Lee’s Ford Marina is a long way from Frankfort, but on Thursday, it was a great place to find your local representative in state government.
Sen. Rick Girdler, who represents Pulaski County as part of Senate District 15, joined state representatives Ken Upchurch (52nd House District) and David Meade (80th District) at the Harbor Restaurant for a “Legislative Update” event by the Somerset-Pulaski County Chamber of Commerce. They were also joined by incoming representatives-elect Josh Branscum of District 83, taking over Jeff Hoover’s old seat, and Shane Baker, replacing the longstanding Pulaskian Tommy Turner in District 85.
For Branscum of Russell County and Baker of Pulaski, it was a rare opportunity to meet with the public. Both of them saw their campaigns leading up to this year’s Primary Election stifled because of COVID-19 restrictions, making public appearances a no-go (likewise, COVID-19 concerns resulted in a shortened legislative session for those already in Frankfort). Here, they were able to introduce themselves to a packed house and answer some questions from those in attendance.
“This is actually something that when we were campaigning, we didn’t get to do,” said Branscum. “Right about the time we were about to start door-to-door is when COVID hit, so we didn’t get the opportunity to get out, to meet a lot of people, and to really get to introduce yourself.”
However, the topic on everyone’s minds that evening was more about Gov. Andy Beshear and complaints of executive overreach from his office. There were over 100 people in the Harbor’s bar area — Chamber Executive Director Bobby Clue noted that the attendance was higher than at the organization’s last luncheon -- and most of them who took the microphone asked the legislators questions about how the Kentucky House and Senate could address or repeal Beshear’s numerous executive orders relating to the COVID-19 situation.
Even Girdler, Meade and Upchurch kicked off the event on the subject, catching the audience up with their takes on the hot topic in the room.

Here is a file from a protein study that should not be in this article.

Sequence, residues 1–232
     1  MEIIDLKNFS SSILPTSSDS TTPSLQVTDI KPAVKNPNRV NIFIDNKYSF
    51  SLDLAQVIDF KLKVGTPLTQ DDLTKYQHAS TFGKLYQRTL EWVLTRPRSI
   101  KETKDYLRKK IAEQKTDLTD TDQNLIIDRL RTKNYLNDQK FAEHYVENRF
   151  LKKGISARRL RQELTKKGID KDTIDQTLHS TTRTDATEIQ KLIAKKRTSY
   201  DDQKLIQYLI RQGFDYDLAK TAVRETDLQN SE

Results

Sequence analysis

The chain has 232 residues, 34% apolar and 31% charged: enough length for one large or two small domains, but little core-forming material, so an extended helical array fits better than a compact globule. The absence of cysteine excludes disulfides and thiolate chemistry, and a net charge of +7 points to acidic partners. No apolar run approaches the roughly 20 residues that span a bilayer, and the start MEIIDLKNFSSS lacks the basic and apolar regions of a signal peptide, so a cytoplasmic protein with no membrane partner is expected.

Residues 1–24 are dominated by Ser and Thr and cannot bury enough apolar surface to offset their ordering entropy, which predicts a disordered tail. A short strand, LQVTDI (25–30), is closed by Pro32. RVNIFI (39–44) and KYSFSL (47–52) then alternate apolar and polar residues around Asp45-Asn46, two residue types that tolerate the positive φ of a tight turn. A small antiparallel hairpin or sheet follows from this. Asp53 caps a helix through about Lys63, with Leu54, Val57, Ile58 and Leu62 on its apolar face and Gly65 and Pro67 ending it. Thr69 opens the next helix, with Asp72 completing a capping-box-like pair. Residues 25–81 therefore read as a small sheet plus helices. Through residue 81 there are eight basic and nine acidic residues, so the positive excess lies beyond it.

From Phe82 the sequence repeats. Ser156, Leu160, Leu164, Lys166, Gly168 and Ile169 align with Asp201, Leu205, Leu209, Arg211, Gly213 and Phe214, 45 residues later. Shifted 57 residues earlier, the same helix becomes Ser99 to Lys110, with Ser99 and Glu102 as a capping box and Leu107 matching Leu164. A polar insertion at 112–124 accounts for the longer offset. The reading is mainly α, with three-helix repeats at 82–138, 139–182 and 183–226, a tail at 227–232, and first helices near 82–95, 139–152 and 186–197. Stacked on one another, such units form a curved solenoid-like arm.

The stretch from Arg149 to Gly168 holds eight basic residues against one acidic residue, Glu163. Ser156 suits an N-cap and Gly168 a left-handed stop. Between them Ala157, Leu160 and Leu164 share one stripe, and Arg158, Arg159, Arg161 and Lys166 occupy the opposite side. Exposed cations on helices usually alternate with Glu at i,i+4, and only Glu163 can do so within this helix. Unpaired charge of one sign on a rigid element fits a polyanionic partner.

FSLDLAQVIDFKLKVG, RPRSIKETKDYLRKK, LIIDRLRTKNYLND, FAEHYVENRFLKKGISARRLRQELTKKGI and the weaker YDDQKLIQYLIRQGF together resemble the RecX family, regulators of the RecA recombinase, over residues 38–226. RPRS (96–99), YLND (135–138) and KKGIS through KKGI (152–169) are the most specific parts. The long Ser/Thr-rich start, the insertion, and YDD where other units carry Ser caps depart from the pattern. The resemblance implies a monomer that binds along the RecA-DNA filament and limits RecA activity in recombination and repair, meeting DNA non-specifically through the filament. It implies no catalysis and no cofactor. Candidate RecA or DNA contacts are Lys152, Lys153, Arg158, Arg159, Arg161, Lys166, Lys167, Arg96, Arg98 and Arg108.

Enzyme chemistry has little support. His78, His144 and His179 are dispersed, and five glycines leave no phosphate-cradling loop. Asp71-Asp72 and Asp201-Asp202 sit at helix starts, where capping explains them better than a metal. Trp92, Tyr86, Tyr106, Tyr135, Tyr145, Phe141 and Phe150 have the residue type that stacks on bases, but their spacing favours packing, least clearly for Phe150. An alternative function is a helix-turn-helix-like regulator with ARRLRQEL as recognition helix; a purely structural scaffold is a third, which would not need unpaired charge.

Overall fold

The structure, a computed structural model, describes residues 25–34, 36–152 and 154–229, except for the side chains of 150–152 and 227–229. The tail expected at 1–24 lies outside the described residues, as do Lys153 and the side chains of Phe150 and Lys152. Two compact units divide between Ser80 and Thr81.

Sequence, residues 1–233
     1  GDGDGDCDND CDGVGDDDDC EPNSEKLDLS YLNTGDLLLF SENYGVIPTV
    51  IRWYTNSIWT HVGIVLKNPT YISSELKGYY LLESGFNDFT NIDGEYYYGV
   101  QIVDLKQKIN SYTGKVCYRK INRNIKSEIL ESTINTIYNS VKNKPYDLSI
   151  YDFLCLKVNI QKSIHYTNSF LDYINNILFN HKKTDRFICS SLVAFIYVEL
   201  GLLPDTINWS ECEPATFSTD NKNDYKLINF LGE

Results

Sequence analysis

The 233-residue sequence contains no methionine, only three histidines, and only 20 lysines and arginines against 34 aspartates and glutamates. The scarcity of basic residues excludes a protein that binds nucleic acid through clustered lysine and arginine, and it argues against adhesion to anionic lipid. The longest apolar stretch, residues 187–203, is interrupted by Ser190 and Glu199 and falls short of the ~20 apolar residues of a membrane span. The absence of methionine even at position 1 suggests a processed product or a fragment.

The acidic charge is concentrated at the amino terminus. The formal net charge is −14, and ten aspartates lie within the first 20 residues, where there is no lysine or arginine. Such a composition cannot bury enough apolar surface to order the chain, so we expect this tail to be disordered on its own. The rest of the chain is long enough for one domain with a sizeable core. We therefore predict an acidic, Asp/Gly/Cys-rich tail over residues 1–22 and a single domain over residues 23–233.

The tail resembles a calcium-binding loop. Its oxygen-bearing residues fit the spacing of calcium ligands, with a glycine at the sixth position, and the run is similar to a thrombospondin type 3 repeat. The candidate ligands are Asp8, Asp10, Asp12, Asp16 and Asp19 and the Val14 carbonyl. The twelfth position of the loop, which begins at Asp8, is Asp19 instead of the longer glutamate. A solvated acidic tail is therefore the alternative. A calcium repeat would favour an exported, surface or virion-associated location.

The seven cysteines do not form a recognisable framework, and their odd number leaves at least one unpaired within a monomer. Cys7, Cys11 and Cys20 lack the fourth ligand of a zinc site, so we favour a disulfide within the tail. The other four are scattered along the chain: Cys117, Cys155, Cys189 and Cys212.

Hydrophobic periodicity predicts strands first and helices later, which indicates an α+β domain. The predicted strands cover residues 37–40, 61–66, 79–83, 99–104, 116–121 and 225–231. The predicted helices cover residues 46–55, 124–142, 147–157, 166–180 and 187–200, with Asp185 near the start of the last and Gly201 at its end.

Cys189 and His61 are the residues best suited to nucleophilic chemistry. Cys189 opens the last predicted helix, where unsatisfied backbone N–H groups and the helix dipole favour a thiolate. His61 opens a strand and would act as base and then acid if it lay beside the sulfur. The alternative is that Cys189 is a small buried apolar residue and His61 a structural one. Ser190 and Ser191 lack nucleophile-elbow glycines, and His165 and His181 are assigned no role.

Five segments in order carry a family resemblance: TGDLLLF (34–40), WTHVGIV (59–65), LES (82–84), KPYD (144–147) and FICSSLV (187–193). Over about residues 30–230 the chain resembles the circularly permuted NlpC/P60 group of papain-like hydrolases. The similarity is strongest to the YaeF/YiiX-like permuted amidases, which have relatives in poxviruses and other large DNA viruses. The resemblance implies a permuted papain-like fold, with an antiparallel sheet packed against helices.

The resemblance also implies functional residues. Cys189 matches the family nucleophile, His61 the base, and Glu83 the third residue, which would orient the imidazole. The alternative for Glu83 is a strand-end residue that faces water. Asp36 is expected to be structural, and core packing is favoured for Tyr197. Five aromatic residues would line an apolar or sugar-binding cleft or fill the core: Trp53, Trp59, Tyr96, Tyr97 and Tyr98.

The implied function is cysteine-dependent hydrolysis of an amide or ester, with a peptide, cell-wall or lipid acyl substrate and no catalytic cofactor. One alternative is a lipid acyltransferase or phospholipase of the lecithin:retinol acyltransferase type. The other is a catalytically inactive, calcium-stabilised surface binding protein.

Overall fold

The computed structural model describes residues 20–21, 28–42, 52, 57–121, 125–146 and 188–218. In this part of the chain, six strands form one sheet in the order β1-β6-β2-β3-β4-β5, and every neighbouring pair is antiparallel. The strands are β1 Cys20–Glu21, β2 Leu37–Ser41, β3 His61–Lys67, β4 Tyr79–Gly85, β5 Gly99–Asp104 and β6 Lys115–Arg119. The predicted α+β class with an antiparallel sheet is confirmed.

“I’ve heard from all of you,” noted Girdler. “... A ‘state of emergency’ (designation) was not put in to have somebody in charge for six months. It was put in for an earthquake or a tornado or something where there were no communications for four or five days. We don’t need, Republican or Democrat, somebody up at the office deciding for six months or a year that that’s what we’re going to do. We are three branches of government, and we need to use all of our three branches of government.
“Some people say that’s political. No, that ain’t political. The political part is coming from the other side,” he added. “We’ve meant to be a part of this conversation, and we’ve not been a part of it.”
While Beshear has been issuing COVID-19 related orders from his office, the state legislature has been unable to address any of these policies -- and is unable to call themselves into session constitutionally to do so, as Upchurch explained to one individual who asked a question about why they couldn’t.
“We keep saying that we’re going to have to go back and visit these things legislatively,” said Upchurch. “Twelve months ago, everything was fine. We were going into a legislative session, and now we’re starting to get questions that none of us have ever heard of, issues and things. Now we’ve had eight months under it, and we’re figuring out the powers that the legislature has, and the power that the governor has, things that we’ve extended to governors in the past, not expecting them to do that overreach.
“So we’re learning here in the last eight months that we as a legislature, we’ve got to do some things that pull back that power of the governor,” he continued. “I’m fairly confident, in fact, that (since) we (Republicans) control both houses, the House and the Senate, that you’re going to see some pretty powerful legislation that’s passed in both houses that can do that.”
Girdler expressed his support for BR 130, a pre-filed bill in Kentucky that would put a two-week limit on executive emergency authority. He also said he hoped to have a constitutional amendment added allowing the legislature to call itself back in if needed, though that might not be on a ballot for another year, noted Upchurch.